[-empyre-] Tactics

Renate Terese Ferro rferro at cornell.edu
Sat Jun 24 21:12:11 AEST 2017

I had a chance to visit the Greek Pavilion at the Venice I Biennale yesterday. Entitled The Laboratory of Dilemmas by artist George Drivas, the piece reveals narrative documentation of a science laboratory experiment on stem cells on a series of ten to twelve monitors that are perched above a human sized maze.  As the story unfolds each video station naturally stages gaps in the narrative that the viewer must compete for themselves. The story of the science experiment that eventually goes awry is further truncated through a variety of glitch video editing tools that further create missing parts that the viewer must piece together.  Like the installation maze below where biennale visitors move through in darkness the turns and twists are not evident but only revealed as the viewer decides to go right or left or straight ahead.

 The artist’s intention was in carving a space to consider the social dilemmas surrounding the scientific experiment, Kevin as you point out in regard’s to Byron and Mary’s work.  Many artists considering the space between science, technology and art create an experience where the manner in which information is formulated, documented, and presented weighs in on the conceptual underpinnings of the overall piece.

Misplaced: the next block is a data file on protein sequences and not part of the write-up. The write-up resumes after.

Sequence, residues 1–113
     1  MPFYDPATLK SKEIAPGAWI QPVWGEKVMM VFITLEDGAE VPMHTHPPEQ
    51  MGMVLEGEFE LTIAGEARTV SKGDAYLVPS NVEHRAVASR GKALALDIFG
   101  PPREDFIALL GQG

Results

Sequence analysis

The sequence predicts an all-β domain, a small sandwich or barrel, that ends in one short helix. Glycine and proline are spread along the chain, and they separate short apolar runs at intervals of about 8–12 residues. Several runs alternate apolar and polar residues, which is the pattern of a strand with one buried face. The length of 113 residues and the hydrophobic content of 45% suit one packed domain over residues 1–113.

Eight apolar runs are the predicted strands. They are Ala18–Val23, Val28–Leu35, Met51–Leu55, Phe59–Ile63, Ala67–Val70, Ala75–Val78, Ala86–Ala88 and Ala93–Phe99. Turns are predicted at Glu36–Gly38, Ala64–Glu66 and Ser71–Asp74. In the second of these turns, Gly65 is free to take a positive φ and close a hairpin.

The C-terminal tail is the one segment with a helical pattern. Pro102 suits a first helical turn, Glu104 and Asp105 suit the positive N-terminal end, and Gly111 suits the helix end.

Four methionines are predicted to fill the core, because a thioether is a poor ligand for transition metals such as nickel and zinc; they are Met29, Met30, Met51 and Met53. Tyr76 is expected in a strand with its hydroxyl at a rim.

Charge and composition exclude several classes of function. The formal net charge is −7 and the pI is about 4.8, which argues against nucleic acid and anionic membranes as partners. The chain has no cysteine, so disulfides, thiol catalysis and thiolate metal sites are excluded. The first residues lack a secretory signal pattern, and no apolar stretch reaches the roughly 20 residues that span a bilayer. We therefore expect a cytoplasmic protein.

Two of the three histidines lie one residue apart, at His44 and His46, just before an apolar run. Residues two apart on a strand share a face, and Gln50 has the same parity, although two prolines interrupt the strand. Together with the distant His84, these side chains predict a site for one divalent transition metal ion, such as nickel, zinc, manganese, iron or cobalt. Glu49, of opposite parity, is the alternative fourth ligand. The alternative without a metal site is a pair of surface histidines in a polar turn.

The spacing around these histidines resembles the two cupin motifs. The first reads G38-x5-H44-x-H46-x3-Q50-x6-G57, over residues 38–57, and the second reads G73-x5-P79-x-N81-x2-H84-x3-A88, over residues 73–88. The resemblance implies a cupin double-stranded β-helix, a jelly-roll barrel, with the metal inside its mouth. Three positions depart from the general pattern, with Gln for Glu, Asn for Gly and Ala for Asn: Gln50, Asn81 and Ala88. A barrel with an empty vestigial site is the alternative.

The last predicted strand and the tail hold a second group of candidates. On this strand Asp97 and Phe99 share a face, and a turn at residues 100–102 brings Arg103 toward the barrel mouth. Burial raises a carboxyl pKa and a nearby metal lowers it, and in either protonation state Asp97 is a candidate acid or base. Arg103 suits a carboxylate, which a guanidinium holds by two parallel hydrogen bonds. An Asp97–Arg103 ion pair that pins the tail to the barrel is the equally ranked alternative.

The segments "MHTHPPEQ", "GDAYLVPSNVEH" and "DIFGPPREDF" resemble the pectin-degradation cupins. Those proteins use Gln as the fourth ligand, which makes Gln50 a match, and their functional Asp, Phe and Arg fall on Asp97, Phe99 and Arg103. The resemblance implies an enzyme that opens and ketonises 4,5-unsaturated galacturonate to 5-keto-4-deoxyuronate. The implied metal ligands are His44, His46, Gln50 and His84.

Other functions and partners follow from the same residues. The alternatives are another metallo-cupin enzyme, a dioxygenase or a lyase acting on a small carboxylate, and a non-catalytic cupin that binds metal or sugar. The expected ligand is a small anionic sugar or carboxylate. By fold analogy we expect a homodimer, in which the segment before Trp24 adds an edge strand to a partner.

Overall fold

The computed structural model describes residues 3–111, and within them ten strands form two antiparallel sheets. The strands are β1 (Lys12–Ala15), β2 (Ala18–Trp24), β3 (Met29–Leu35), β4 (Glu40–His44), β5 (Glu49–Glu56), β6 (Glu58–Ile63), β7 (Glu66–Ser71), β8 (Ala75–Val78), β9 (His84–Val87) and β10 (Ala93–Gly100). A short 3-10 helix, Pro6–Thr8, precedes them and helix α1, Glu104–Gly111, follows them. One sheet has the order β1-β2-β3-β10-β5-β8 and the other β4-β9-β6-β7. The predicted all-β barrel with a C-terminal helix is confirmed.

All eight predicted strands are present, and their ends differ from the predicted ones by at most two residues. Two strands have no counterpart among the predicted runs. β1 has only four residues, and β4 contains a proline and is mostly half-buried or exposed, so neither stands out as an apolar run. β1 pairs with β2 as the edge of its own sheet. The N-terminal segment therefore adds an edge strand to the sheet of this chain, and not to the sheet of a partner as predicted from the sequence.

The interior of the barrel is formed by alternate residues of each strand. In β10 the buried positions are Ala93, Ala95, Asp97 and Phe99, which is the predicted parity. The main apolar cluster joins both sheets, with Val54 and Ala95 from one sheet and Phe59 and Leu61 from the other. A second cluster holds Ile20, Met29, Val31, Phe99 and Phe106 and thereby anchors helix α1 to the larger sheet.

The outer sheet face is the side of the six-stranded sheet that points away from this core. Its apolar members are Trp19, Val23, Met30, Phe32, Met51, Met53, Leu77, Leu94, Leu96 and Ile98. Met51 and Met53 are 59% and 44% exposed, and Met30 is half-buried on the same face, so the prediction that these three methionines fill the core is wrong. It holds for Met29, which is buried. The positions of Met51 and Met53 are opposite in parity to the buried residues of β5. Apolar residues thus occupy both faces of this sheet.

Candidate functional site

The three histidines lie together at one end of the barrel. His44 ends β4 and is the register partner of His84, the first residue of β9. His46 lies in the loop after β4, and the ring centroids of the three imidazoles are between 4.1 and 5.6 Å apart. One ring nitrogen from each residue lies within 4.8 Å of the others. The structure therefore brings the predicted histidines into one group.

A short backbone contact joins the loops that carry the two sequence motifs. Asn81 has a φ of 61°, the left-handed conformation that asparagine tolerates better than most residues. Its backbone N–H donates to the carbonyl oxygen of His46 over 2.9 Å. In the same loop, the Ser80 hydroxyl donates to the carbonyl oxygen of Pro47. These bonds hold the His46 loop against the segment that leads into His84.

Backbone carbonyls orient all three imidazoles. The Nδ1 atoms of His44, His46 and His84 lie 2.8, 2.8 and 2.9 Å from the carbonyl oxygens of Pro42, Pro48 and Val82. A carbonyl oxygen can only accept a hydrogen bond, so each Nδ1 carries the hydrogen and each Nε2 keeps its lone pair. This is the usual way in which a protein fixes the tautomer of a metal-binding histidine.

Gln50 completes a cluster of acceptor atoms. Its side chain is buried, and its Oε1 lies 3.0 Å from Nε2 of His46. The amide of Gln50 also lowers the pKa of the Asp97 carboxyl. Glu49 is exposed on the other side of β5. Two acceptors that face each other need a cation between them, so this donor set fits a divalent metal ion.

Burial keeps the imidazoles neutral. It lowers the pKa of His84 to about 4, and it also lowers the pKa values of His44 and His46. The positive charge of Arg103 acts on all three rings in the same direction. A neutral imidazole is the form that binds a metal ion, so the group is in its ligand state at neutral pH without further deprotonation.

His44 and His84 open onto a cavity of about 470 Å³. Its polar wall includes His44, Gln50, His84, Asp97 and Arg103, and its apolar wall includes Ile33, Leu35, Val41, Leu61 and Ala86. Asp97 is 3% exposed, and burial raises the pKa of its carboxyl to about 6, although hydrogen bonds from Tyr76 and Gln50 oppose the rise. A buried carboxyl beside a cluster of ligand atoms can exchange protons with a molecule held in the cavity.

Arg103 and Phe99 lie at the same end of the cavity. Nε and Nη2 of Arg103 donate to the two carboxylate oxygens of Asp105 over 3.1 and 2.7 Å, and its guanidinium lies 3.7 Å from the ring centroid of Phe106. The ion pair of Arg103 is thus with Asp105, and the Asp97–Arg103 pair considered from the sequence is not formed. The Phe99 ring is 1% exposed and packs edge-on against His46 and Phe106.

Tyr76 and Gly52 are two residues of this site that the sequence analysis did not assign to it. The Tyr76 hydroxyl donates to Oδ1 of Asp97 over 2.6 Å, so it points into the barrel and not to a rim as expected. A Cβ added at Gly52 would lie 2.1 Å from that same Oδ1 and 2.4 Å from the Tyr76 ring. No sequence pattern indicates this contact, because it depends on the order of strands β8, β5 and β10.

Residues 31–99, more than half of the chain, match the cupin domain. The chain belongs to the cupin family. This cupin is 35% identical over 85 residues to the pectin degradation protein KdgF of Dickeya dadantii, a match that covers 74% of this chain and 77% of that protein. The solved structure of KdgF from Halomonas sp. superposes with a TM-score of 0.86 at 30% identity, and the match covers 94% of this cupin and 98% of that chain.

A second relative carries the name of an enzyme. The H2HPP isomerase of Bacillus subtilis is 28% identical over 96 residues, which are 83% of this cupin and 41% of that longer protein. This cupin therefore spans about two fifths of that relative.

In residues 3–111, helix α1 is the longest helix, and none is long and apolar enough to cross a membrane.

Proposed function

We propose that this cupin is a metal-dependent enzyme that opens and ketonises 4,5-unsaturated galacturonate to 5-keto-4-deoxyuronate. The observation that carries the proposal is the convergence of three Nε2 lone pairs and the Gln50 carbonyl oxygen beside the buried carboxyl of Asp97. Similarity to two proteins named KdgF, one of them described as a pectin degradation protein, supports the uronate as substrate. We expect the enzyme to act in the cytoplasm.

<snip> Byron wrote I guess all this rambling leads me to this: I think the power in the tactical/subversive use of the technologies of marginalization is of greatest importance. The aesthetics draw in interest, and scholarship and dissemination with re-imagined language redraws the borders of power. <snip>

Byron you are among many artists who also are engage in physical tactics and innovative research that also stage the conceptual, political and social “dilemmas” that are at hand. I have been thinking hard about the complicated combination of the artistic ego, the curatorial hand, and the urgency of cultural politics and mobilization. The Greek pavilion was one anomoly in this biennial where social or political considerations have been diffused by a return to beauty, spirituality, and Zen.I prefer physical tactics any day of the week.

Onward now to the exhibitions and installations that are situated off the main sites.  I am hopeful that these are a bit more engaged in the real world around us. 
Murat Byron is en route these past few days so he may not have received your questions. 
 Thanks Kevin for hanging in there! 


Renate Ferro
Visiting Associate Professor
Director of Undergraduate Studies
Department of Art
Tjaden Hall 306
rferro at cornell.edu

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